History

Its location in this steep valley makes the city a mountain stronghold, easy to defend, and thus Amasya has had a long and prominent history.

Antiquity

Archaeological research shows that Amasya was first settled in 5,500 BC by the Hittites and subsequently by Phrygians, Cimmerians, Lydians, Persians.

Greeks and Hellenes

By 183 BC the city was settled by Hellenistic people, eventually becoming the capital of the kings of Pontus from 333 BC to 26 BC. Today there are prominent ruins including the royal tombs of Pontus in the rocks above the riverbank in the centre of the city.

The Romans and Byzantines

Amaseia was captured by the Roman Lucullus in 70 BC and was quickly made a free city and administrative centre of his new province of Bithynia and Pontus by Pompey. By this time Amaseia was a thriving city, the home of thinkers, writers and poets, and one of them, Strabo, left a full description of Amaseia as it was between 60 BC and 19 AD.

Under the Romans it gained the titles ‘metropolis‘ and ‘first city’ in the second century AD. After the division of the Roman Empire by emperor Diocletian the city became part of the East Roman Empire (the Byzantine Empire). At this time it had a predominantly Greek-speaking population.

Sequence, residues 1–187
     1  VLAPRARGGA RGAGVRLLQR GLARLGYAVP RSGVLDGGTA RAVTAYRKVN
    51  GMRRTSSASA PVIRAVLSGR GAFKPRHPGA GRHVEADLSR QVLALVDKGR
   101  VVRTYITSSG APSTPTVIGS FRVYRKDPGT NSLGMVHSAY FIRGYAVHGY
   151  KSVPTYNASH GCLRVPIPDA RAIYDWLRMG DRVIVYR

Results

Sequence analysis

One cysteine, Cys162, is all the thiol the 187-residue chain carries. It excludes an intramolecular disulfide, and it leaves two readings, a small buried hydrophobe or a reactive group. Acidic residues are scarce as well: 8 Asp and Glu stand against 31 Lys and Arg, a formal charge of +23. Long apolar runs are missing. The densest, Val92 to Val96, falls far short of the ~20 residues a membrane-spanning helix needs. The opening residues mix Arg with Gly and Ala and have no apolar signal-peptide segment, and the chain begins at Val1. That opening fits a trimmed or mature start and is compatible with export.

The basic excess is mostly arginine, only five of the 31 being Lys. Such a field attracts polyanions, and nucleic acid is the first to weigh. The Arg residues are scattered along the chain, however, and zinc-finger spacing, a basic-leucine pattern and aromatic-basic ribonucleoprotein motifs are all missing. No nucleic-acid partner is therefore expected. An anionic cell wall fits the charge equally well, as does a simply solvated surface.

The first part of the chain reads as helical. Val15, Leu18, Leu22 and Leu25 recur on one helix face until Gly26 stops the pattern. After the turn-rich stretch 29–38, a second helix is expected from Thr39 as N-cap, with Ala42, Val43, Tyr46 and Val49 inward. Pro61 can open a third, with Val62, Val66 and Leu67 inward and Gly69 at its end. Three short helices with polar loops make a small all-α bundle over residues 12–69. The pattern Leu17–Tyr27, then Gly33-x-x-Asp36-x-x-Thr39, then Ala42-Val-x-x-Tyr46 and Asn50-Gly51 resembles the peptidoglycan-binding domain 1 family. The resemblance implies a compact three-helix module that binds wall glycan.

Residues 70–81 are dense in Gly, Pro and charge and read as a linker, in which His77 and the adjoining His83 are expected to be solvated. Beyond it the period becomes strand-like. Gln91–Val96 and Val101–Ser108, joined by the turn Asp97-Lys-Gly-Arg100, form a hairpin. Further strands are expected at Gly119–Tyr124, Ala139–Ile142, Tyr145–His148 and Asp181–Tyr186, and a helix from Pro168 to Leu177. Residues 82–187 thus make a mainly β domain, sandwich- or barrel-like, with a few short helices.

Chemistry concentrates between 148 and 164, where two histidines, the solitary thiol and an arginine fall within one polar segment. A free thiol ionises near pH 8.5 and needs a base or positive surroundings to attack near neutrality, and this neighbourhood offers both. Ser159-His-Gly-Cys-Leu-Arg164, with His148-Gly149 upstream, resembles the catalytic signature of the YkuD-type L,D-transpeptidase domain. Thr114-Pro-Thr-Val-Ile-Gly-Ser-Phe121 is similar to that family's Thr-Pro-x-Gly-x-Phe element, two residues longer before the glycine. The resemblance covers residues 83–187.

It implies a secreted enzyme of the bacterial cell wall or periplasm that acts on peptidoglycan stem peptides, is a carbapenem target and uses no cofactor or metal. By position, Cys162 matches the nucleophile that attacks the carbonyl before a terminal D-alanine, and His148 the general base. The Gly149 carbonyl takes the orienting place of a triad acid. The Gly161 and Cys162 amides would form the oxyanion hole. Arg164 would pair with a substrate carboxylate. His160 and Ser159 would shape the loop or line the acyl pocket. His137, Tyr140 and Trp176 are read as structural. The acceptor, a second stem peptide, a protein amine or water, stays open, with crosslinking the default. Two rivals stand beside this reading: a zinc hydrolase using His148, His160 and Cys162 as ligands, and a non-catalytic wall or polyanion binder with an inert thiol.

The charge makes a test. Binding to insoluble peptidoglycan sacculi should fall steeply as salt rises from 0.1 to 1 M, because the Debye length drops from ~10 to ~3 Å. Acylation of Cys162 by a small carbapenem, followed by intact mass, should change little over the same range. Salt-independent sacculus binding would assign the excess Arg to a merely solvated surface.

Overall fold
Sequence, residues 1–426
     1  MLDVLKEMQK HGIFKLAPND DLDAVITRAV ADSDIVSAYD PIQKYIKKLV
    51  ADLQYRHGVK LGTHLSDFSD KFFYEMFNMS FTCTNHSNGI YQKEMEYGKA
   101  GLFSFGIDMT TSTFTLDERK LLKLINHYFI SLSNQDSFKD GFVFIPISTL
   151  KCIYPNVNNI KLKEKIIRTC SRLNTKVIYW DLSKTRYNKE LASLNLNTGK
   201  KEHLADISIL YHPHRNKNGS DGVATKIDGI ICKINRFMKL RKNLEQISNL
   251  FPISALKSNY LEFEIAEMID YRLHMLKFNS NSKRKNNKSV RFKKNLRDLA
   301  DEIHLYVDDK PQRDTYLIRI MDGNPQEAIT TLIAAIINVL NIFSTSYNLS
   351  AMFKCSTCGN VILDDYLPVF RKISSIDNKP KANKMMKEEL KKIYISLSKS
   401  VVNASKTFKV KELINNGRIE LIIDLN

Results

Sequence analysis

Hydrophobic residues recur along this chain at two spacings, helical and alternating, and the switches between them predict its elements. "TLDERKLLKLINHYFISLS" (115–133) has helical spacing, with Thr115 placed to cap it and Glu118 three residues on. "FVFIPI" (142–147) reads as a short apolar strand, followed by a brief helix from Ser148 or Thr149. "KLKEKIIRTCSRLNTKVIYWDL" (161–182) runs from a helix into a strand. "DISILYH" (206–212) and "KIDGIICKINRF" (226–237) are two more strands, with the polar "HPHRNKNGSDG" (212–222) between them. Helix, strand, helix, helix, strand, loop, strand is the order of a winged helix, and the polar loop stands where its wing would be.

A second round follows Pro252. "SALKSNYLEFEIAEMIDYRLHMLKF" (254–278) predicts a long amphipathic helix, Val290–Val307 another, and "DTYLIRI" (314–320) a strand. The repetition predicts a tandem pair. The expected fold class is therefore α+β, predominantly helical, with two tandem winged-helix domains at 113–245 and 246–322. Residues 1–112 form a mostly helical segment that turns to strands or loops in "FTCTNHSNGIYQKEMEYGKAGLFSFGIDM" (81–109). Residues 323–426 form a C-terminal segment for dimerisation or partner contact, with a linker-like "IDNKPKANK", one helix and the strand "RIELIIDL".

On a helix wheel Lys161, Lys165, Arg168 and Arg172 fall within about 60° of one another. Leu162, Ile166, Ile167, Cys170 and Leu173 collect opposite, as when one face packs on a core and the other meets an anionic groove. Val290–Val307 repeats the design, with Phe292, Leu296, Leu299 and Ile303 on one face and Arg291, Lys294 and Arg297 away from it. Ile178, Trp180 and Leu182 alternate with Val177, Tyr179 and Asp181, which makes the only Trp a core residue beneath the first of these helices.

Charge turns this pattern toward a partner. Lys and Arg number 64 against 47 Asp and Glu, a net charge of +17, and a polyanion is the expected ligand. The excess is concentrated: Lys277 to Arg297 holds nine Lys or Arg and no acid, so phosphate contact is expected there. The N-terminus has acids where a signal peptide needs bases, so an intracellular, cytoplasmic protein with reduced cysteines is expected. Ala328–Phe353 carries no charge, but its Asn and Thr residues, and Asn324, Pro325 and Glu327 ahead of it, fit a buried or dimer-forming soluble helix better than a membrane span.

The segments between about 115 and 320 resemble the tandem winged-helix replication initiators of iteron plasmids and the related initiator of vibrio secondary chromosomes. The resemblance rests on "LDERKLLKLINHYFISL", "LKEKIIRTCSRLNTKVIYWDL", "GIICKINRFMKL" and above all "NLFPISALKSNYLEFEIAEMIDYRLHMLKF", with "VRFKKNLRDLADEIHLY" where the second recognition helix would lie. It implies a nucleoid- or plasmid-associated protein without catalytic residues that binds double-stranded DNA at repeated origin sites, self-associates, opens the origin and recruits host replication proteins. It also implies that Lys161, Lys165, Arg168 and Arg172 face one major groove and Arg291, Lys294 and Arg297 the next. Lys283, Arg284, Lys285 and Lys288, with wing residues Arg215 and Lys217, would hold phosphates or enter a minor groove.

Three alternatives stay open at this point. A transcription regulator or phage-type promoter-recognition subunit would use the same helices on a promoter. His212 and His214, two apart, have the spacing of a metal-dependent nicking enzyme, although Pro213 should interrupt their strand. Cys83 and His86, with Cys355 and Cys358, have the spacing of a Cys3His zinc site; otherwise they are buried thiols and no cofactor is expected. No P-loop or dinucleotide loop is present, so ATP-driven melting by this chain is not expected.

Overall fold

Early Turkish rulers

In 1075 following 700 years of Byzantine rule Amasya was conquered by the TurkmenDanishmend emirs. It became their capital until it was annexed by the Seljuk ruler Qilic Arslan. Under the Seljuks and the Ilkhan the city became a centre of Islamic culture. Schools, mosques, tombs and other architecture of this period still remain.

The Ottomans

After being incorporated into the Ottoman Empire under Sultan Bayezid I Amasya grew in importance as a centre of learning; the children of the Ottoman rulers being sent here for their education. As part of their preparation for future rule they were given the position and responsibility of governor of Amasya. Future sultans from Beyazid I in the late 14th century through to Murat III in the 16th were schooled here and held the position of governor in their youth.

The population of Amasya at this time was very different from that of most other cities in the Ottoman Empire; as it was part of their the training for the future sultans to learn about every nation of the Empire. Every millet of the Empire was represented in Amasya in a particular village — such as a pontic villiage, an Armenian village, a Bosnian village, a Tatar village, a Turkish village, an Arab village, a Kurdish village, etc. (see: 1927 Population count data by DİE.)

The Turkish War of Independence

In 1919 Amasya was the location of the final planning meetings held by Mustafa Kemal Atatürk for the building of a Turkish army to establish the Turkish republic following the collapse of the Ottoman Empire at the end of the First World War. It was here that Mustafa Kemal made the announcement of the Turkish War of Independence in the Amasya Circular.

The Republic of Turkey

The Greeks of Amasya were replaced by Turks from Greece in the population exchange at the founding of the Turkish Republic.

Have a nice day 😉